Signs of deescalating trade tensions coupled with accommodative monetary policy gave investors hope that economic growth will resume and this bull market will march higher. Ten year US treasury yields jumped, with investors abandoning the safety of bonds and gold and moving back into stocks. Small cap stocks in particular, as well as value, posted solid gains for the week. High flying growth stocks, however, ended lower, leading some to believe a style rotation could be underway.
S&P 500: 3,007 (+1.0%)
FTSE All-World ex-US (VEU): (+2.2%)
US 10 Year Treasury Yield: 1.90% (+0.35%)
Gold: $1,488 (-1.2%)
USD/EUR: $1.108 (+0.4%)
- Monday – Elliot Management announced its $3.2 billion stake in AT&T, challenging the company’s strategy and asking it to divest noncore assets.
- Tuesday – Apple unveiled a trio of new iPhones at its annual event in San Francisco.
- Tuesday – The Census Bureau reported median household incomes remained flat in 2018 after three years of growth.
- Tuesday – Job openings decreased by 3% in July from a year earlier, despite the number of opportunities still outpacing job seekers.
- Wednesday – The Hong Kong Stock Exchange bid almost $37 billion to acquire the London Stock Exchange.
- Thursday – The European Central Bank announced more stimulus, including a small additional rate cut and the reopening of its bond buying program (i.e. quantitative easing).
- Friday – China said it would exempt US soybeans, pork and other agricultural products from additional tariffs, in a move to further deescalate tensions.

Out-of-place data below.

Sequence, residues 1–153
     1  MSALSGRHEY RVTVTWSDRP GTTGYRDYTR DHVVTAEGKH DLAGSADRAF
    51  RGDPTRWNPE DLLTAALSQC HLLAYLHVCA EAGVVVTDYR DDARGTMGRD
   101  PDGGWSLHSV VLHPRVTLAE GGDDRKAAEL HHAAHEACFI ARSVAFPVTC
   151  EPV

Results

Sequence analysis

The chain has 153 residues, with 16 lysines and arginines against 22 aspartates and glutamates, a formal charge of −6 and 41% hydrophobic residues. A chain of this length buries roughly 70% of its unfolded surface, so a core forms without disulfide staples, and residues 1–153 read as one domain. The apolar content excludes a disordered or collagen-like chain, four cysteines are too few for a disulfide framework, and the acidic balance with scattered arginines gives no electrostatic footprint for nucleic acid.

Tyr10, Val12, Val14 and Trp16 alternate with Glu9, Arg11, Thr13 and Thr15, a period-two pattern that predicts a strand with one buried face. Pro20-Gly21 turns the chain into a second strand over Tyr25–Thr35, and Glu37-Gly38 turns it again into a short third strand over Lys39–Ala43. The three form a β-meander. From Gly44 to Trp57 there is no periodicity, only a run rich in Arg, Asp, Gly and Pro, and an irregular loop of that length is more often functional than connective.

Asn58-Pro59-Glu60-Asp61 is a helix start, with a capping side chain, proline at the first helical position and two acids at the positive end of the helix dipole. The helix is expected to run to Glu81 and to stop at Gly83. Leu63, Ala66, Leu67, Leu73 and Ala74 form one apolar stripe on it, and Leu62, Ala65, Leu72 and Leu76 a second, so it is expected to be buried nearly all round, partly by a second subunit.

- Friday – The US House Judiciary Committee requested emails and financial statements from the big tech firms as part of its antitrust probe.
There were a few new developments this week, but once again all fell within the same ongoing macro themes of trade and interest rates. On the trade front, President Trump said he would delay tariffs on $250 billion Chinese goods set to take effect on October 1st, a move reciprocated by China later in the week. Reports also surfaced that China was looking to set aside more sensitive political issues, such as arms sales to Taiwan and American involvement in the Hong Kong protests, in order to keep trade talks moving forward. All of these developments helped lift markets, but as we all know these brief stints of optimism can rapidly reverse course. Expect more volatility on this front.
The story on interest rates actually came from Europe, where departing ECB President Mario Draghi issued his final farewell stimulus package. This included a small rate cut of 0.10%, moving the already negative target to -0.50%. It also included plans to restart bond purchases on November 1st, at a pace of 20 billion euros per month with no definitive end date, as well as provisions to exempt portions of banks liquidity from negative rates.
The situation in Europe will be interesting to watch. With rates already negative, the additional 0.10% cut is unlikely to move the needle on economic growth. And while bond purchases could help, it’s questionable how much of an impact they’ll have with long-term yields already so low. Perhaps this is why it was met with somewhat tepid enthusiasm by markets. In all likelihood, reigniting growth in the Eurozone could depend on one or many factors, including the potential for fiscal stimulus, a resolution to the U.S.-China trade war, and/or a softer Brexit.
Either way, it shows global central banks remain ready and willing to support this bull market as long as they can. Up next, the US Federal Reserve.